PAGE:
Expulsion from the United States Congress

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Expulsion is the most serious form of disciplinary action that can be taken against a Member of Congress. [1] The United States Constitution (Article I, Section 5, Clause 2) provides that "Each House [of Congress] may determine the Rules of its proceedings, punish its members for disorderly behavior, and, with the concurrence of two-thirds, expel a member." The processes for expulsion differ somewhat between the House of Representatives and the Senate. [2] [ clarification needed ]

Contents

Censure, a less severe form of disciplinary action, is an official sanction of a member. It does not remove a member from office.

Process leading to expulsion

Presently, the disciplinary process begins when a resolution to expel or censure a Member is referred to the appropriate committee. In the House, this is the Committee on Standards of Official Conduct (House Ethics Committee); in the Senate, this is the Select Committee on Ethics (Senate Ethics Committee).

The committee may then ask other Representatives or Senators to come forward with complaints about the Member under consideration or may initiate an investigation into the Member's actions. Sometimes Members may refer a resolution calling for an investigation into a particular Member or matter that may lead to the recommendation of expulsion or censure.

Rule XI (Procedures of committees and unfinished business) of the Rules of the House of Representatives states that the Committee on Standards of Official Conduct can investigate allegations that a Member violated "any law, rule, regulation, or other standard of conduct applicable to the conduct of such Member ... in the performance of his duties or the discharge of his responsibilities". The Senate Select Committee on Ethics has the same jurisdiction. The committee may then report back to their whole chamber as to its findings and recommendations for further actions.

When an investigation is launched by either committee, an investigatory subcommittee will be formed. Once the investigatory subcommittee has collected evidence, talked to witnesses, and held an adjudicatory hearing, it will vote on whether the Member is found to have committed the specific actions and then will vote on recommendations. If expulsion is the recommendation then the subcommittee's report will be referred to the full House of Representatives or Senate where Members may vote to accept, reject, or alter the report's recommendation. Voting to expel requires the concurrence of two-thirds of the members. This is set out in Article 1, Section 5, Clause 2 of the United States Constitution.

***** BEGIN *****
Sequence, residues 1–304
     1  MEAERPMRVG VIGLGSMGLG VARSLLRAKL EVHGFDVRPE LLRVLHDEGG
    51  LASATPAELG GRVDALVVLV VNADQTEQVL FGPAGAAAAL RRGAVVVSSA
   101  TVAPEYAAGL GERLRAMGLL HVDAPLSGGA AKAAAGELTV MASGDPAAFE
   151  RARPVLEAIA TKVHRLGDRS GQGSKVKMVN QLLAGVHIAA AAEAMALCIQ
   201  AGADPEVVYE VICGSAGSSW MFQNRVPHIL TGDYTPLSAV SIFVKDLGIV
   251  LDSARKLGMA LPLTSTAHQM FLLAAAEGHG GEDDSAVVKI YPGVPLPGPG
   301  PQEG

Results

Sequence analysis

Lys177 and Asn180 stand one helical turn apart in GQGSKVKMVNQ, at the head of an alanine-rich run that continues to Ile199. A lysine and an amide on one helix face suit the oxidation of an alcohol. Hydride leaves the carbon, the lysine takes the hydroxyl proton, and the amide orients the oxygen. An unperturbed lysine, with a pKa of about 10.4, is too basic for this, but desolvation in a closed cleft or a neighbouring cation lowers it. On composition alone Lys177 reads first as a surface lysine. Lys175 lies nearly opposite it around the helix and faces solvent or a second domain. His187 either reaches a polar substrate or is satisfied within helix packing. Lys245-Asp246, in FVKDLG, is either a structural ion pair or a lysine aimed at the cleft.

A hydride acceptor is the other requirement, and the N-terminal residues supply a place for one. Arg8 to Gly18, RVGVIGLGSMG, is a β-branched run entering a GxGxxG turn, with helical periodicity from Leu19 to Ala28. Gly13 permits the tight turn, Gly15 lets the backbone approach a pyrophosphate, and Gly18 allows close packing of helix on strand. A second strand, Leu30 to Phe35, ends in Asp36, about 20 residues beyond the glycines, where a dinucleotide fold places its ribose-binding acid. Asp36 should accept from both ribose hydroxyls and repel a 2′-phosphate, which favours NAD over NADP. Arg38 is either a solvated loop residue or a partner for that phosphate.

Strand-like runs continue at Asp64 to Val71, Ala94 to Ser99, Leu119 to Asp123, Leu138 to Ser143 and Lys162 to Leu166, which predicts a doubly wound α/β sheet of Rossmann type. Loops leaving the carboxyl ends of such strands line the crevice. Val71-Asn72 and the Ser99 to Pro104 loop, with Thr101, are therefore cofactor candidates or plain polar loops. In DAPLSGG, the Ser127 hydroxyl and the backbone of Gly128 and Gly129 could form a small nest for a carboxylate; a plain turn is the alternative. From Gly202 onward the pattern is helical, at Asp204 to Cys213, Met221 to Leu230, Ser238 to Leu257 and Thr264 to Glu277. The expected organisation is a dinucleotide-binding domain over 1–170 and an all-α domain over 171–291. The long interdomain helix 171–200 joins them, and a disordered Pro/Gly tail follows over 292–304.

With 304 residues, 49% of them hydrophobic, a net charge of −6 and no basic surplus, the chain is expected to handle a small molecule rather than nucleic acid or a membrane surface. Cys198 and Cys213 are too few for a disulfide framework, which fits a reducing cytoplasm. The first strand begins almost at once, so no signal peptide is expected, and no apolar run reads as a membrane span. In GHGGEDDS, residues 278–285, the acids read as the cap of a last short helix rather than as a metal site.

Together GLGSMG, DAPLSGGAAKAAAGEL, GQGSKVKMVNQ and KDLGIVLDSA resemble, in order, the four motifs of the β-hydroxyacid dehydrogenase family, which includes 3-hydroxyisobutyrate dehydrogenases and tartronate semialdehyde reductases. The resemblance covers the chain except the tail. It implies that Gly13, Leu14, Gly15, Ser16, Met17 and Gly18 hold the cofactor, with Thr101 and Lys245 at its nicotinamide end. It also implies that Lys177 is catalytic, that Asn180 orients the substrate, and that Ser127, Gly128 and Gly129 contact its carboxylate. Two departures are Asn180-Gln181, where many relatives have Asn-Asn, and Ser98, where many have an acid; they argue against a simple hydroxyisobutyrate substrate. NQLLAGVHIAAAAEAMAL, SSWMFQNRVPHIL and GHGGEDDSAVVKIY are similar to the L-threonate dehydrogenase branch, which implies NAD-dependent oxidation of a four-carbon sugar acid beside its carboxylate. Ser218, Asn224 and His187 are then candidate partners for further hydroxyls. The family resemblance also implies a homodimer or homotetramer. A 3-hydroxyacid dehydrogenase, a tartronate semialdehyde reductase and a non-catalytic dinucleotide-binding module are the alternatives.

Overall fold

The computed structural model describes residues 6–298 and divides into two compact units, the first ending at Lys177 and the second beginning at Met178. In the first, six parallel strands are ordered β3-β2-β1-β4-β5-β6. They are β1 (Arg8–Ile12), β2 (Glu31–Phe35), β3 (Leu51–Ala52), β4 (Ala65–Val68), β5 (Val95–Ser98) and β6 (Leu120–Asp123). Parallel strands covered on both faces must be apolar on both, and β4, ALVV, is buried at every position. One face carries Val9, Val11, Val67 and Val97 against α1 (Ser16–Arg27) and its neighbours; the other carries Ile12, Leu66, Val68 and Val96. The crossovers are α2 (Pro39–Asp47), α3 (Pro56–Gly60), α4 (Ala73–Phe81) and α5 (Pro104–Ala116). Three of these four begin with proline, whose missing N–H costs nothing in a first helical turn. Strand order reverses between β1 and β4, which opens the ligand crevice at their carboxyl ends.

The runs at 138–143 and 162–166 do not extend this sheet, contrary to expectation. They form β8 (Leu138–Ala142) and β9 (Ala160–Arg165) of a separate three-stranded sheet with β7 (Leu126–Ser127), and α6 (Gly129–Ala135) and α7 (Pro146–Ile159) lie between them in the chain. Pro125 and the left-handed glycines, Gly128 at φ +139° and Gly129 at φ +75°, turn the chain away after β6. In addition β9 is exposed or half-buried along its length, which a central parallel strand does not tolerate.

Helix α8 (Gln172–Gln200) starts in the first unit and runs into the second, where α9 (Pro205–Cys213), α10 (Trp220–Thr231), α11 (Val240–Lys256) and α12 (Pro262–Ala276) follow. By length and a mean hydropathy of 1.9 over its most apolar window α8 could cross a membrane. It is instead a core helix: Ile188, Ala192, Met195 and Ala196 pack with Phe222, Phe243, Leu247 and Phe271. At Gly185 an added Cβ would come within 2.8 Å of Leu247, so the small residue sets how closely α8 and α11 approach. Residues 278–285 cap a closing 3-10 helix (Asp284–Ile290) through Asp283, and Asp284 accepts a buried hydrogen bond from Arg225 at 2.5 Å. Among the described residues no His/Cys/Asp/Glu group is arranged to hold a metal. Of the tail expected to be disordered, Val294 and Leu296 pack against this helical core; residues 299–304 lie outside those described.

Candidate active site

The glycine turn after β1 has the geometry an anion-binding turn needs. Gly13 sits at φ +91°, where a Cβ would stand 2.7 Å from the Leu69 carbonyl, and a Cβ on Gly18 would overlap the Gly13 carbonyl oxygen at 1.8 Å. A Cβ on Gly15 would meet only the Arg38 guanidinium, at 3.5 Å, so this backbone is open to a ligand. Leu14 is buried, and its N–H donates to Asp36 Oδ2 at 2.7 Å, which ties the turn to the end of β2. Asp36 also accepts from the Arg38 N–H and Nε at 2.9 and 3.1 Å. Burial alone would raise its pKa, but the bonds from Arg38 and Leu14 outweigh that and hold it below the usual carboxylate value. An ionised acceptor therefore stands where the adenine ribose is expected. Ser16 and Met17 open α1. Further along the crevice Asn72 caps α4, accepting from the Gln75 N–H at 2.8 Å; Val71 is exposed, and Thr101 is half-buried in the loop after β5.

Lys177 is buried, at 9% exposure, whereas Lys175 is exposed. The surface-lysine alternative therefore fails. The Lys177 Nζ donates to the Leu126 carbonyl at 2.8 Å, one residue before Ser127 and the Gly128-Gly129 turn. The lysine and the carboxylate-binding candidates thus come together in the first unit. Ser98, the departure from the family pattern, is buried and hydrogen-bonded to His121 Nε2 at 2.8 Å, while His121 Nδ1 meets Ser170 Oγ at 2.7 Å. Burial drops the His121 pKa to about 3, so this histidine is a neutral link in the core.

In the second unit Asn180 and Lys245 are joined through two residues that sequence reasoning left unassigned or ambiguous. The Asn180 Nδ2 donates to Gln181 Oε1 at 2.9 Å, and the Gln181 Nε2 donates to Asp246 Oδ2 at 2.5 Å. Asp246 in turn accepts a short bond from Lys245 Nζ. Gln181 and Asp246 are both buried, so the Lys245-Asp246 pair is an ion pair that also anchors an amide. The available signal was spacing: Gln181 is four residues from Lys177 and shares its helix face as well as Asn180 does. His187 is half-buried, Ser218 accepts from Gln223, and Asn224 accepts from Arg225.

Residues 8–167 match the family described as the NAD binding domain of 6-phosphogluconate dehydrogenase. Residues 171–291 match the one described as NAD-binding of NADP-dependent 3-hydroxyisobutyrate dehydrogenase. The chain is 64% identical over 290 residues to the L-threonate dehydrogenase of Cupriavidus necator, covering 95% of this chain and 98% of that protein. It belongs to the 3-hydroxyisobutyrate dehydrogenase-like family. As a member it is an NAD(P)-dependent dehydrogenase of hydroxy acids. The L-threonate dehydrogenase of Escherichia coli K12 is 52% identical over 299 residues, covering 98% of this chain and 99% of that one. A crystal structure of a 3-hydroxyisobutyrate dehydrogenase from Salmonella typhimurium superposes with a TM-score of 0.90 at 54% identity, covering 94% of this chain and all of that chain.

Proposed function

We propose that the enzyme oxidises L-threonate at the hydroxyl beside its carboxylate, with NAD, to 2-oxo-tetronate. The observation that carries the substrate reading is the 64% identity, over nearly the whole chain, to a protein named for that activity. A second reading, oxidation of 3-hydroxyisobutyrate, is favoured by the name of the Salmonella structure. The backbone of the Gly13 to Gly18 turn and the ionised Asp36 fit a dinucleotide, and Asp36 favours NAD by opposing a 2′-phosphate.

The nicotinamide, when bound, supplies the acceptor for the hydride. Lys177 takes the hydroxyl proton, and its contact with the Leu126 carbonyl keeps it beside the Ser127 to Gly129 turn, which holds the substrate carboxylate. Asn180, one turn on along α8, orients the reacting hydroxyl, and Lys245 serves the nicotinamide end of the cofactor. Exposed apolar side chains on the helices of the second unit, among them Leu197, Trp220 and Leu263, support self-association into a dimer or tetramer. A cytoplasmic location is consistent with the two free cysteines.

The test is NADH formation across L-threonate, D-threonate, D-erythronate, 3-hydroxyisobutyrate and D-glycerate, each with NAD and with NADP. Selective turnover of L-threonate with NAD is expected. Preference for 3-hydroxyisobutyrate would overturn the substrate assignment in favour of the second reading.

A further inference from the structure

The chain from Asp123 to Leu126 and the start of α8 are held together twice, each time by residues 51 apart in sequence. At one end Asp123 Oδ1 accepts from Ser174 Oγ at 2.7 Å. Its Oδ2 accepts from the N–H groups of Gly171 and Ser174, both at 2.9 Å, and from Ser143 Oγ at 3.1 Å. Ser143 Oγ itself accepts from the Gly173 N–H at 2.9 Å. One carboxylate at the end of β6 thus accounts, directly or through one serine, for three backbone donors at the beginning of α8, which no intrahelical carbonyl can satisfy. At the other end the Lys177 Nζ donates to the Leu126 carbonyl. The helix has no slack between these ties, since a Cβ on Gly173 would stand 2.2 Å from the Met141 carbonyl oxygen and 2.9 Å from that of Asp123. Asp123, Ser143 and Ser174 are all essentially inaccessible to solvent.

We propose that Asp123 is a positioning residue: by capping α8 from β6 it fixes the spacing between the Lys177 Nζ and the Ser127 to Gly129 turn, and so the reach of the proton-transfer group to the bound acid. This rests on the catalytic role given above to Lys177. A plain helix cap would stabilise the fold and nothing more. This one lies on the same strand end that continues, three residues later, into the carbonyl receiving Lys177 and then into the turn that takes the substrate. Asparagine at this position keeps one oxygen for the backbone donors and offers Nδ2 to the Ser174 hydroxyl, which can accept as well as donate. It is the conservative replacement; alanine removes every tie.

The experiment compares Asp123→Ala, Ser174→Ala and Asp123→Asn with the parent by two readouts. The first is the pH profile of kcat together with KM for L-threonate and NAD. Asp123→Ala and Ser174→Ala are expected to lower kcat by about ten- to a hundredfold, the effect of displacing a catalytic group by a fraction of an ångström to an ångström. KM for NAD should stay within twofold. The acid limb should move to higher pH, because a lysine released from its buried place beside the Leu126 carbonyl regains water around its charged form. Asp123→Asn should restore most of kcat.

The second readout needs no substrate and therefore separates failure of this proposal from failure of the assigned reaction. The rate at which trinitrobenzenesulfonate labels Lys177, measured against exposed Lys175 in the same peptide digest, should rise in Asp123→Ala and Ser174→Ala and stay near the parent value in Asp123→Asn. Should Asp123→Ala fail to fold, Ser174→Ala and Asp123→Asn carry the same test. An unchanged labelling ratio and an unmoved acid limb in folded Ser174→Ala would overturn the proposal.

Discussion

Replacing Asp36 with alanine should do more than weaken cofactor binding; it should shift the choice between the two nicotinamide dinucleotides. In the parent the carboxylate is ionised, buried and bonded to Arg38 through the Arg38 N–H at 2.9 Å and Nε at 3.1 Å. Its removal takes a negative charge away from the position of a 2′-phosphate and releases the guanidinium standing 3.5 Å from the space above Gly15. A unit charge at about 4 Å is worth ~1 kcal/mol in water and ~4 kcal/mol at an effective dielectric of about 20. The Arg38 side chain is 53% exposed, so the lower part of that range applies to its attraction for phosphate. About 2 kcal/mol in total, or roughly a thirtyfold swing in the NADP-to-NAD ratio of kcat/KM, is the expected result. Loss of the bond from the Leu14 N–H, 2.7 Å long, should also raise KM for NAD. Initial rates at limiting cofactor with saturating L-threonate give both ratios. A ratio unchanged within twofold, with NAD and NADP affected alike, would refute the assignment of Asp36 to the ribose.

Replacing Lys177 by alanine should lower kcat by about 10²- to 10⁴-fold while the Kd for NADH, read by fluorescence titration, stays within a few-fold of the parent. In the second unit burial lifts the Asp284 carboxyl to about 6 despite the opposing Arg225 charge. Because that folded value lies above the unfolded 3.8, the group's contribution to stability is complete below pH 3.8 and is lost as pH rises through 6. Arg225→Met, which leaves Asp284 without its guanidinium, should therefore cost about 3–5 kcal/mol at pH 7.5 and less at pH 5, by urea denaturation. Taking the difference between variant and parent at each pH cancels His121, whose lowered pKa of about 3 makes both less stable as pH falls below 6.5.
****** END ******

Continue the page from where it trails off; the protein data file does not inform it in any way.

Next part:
Expulsions from Congress

In the entire history of the United States Congress, 20 Members have been expelled: 15 from the Senate and 5 from the House of Representatives (of those, one member's expulsion, Senator William K. Sebastian of Arkansas, was posthumously reversed). Censure has been a much more common form of disciplinary action in Congress over the years, as it requires a much lower threshold of votes to impose.

17 of the 20 were expelled for supporting the Confederate rebellion in 1861 and 1862, namely fourteen senators (including former Vice President, 1860 presidential candidate and Kentucky Senator John C. Breckinridge, Trusten Polk, Waldo P. Johnson and Jesse D. Bright) and three representatives (John Bullock Clark and John William Reid of Missouri and Henry Cornelius Burnett of Kentucky). [3]

The other three expulsions were:

Other initiations of actions to expel

There have been numerous other attempts to expel members of Congress. In many of those instances members under serious threat of expulsion resigned, including:

There were other instances in which investigations were brought, but the defendants were exonerated, expulsion was rejected, insufficient evidence was found, or the member's term expired:

See also

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References

  1. Brockell, Gillian (January 5, 2021). "The senators who were expelled after refusing to accept Lincoln's election". The Washington Post . Retrieved January 5, 2021.
  2. Brown, Cynthia; Garvey, Todd (January 11, 2018). Expulsion of Members of Congress: Legal Authority and Historical Practice (PDF). Washington, DC: Congressional Research Service. Retrieved 27 January 2018.
  3. Good, Chris (December 3, 2010). "Five Ways to Get Kicked Out of Congress". The Atlantic. Retrieved July 10, 2018.
  4. "Exit Mr. Lederer". The New York Times. May 3, 1981.
  5. "4 Briefing on Expulsion and Censure". U.S. Senate. 30 May 2014. Retrieved 28 September 2014.
  6. "Burton Wheeler, former Senator for Montana - GovTrack.us". GovTrack.us. Retrieved 2018-07-10.

Further reading